So I was watching my kids at the playground, as one does. I and the strikingly handsome dyke — LOVE her plaid bolero jacket, COVET her glasses, find it FUCKING HILARIOUS that she is categorically interchangeable with any one of various members of my half-brother’s extended family, because this is California, after all, and at a certain point the distinctions between a mulatto entertainment industry mid-level professional and an obese WASP petit bourgeois qeek squad tech dude collapse into themselves when both of them are, ultimately, from ranching families in the far northern reaches of the State of Jefferson.
In any case, I was splitting child-minding duties with this lady (she watched her kids and the gangly towhead, I watched my kids and the this-year’s girly-girl that my younger son has latched onto) when the gangly towhead came running up:
GT: You’re not [older son’s] real dad, are you?
Me: Of course I’m his real dad. When I die he gets half my money.
GT: But didn’t you adopt him?
Older boy (running up): Yes, he adopted me! And he adopted [younger boy] as well.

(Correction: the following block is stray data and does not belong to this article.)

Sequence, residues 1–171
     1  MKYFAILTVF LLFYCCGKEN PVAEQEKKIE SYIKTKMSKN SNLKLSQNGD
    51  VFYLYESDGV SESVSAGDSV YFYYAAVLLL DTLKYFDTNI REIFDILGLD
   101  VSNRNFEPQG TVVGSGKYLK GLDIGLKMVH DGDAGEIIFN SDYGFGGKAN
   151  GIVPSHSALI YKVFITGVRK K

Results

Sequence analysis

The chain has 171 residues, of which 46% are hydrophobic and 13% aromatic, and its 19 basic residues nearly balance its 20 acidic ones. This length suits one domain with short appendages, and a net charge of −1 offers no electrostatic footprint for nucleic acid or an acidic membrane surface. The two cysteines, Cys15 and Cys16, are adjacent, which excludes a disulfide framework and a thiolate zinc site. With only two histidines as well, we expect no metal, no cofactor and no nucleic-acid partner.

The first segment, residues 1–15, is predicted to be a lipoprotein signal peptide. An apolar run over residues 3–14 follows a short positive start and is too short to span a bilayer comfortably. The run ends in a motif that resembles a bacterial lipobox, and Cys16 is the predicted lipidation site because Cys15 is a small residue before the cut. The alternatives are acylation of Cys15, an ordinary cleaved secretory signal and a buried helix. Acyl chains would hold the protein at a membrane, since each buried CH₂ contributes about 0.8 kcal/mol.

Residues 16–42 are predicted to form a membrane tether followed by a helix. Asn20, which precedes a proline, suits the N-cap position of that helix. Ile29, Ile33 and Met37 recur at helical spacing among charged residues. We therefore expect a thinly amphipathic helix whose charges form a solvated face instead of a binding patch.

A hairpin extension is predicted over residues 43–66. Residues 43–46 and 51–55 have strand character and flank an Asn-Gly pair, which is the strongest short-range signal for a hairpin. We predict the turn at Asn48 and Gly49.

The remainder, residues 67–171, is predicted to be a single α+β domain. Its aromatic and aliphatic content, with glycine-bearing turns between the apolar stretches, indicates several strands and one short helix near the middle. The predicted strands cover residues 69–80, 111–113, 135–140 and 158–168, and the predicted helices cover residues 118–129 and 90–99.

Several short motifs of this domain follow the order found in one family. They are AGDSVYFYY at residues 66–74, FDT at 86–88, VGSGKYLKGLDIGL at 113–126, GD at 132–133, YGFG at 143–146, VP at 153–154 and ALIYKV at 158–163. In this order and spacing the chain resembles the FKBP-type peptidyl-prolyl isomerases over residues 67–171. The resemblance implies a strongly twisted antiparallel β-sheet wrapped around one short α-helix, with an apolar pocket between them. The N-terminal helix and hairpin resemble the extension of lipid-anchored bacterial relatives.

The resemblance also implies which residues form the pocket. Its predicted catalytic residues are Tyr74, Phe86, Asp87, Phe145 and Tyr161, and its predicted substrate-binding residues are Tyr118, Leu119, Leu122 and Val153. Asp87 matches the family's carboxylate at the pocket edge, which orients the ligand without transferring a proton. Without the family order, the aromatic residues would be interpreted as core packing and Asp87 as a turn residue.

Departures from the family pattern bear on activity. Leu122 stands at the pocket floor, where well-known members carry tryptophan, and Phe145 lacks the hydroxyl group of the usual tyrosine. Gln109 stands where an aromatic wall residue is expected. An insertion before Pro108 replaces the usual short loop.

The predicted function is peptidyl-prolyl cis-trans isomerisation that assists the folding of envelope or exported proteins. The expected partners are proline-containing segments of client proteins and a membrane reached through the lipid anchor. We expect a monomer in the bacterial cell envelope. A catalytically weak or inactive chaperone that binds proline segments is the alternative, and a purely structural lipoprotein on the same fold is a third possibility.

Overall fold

And they’re off and running, to play tag on the playground.
Ugh. I so need a more pat answer when this kind of thing comes up. A considered answer, a trite answer: “Well, GT, being a father is a noun AND a verb! You asked it in the nominative case. I think about it in the sociative case, even if it sounds like the genitive case.” Or I suppose it could be a flip answer and either quote Zizek by way of <i>The Matrix </i> “Well, GT, welcome to the desert of the real” or quote Bob Sinclair (“World Hold On”) “Open up your heart. What do you feel is real?” I could give the devastating answer, namely “you want to ask me about real fathers? Let me tell you about real fathers. Let me tell you about men that abandon their wives on the steps of the TB sanitarium with 3 children under the age of five so they can pursue Filipino honeypots on the beaches of Baja and do shitty little corrupt deals to make ends meet while working as an inspector for the State Department of Housing and meanwhile pissing away your inheritance on the ponies at Santa Anita.”
Or I could answer honestly, unawares, a reply that puts one off-kilter because it exposes (I think) the kinds of truths we prefer to leave buried, or in any way hidden: I’m his real dad because I’m making a bet on him. It’s the transfer of capital that matters, kiddo. Inheritance involves property. Sometimes that conspires [the word choice is very deliberate, especially in its etymology) with biology, somewhat less often it works with love. But paternity is about transfer of ownership, first, foremost, and above all.
And don’t you forget it.